QUINK is a blend of quick and ink, short for quick drying ink, and was created by Parker Pens in 1931. Its invention eliminated the need for blotting paper and led to the development of the most widely used model of fountain pen in history (over $400 million worth of sales in its 30 year history) the Parker 51.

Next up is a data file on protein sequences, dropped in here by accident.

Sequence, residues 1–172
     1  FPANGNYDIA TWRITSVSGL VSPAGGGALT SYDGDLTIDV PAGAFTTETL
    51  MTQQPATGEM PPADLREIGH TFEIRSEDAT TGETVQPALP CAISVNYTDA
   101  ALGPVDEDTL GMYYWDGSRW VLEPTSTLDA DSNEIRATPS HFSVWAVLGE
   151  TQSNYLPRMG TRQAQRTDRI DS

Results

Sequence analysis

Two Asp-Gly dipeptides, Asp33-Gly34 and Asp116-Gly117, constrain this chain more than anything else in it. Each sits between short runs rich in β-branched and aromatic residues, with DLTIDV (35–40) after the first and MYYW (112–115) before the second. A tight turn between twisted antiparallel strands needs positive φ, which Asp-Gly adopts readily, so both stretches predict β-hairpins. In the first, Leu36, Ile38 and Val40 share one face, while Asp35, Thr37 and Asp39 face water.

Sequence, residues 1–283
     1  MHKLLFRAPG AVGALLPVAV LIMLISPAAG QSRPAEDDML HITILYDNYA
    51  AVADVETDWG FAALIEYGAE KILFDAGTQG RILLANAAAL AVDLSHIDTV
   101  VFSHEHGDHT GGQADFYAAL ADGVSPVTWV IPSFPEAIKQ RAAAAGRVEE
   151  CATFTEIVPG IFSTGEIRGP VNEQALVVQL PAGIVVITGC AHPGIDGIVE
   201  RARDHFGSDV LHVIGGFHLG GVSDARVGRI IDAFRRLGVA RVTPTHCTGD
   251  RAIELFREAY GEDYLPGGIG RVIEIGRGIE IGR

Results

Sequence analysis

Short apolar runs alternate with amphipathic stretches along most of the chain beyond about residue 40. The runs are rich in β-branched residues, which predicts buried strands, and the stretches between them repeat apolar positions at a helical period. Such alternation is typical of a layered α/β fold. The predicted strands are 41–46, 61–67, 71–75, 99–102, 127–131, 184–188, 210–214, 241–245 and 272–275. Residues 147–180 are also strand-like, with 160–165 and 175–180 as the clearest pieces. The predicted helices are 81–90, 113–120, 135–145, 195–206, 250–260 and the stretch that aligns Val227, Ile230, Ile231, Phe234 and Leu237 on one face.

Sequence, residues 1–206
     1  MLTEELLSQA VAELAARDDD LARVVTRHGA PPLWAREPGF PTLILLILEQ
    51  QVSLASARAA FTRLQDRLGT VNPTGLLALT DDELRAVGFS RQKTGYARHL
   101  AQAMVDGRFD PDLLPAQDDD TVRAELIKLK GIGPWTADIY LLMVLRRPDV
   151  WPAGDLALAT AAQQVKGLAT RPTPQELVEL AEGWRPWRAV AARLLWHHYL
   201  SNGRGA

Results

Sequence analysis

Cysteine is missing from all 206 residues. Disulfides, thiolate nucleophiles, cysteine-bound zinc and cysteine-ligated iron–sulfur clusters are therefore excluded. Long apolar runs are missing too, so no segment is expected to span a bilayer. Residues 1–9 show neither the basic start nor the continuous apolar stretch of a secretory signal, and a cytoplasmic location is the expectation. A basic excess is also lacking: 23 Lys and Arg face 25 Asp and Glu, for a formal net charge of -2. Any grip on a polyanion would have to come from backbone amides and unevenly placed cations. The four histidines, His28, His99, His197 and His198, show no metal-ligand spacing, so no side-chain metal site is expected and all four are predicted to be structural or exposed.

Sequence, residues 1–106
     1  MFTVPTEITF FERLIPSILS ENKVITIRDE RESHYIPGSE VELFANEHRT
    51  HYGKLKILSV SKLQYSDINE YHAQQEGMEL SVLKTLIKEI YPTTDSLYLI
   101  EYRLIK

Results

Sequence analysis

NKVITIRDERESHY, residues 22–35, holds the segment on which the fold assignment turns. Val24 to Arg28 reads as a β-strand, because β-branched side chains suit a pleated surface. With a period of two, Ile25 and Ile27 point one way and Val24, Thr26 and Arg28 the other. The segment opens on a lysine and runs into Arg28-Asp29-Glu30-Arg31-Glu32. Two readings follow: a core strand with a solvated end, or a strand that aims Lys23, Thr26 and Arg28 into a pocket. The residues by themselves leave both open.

The QUINK blend has the additional benefit of blending at the syllable focus, the i vowel, and retaining much of each of the blended words in the final name: the whole of the second word ink is visible and the final letter (and phoneme) k of the first word quick are also visible. This made it: a) relatively short and b) aesthetically attractive. This is coupled with its being a very English word type, qu pronounced as KW and the final -ink which is a very English word ending. Consequently, this appears as a typical English word that has accidentally become branded whereas the opposite is true. This allows the brand to become lexicalised that is easier to enter into the mainstream vocabulary. It also makes a typically modern word type look more established and traditional in keeping with the gravitas of the leading brand of writing implements. Really quite subtle product naming if not creating the most pronounceable name overseas.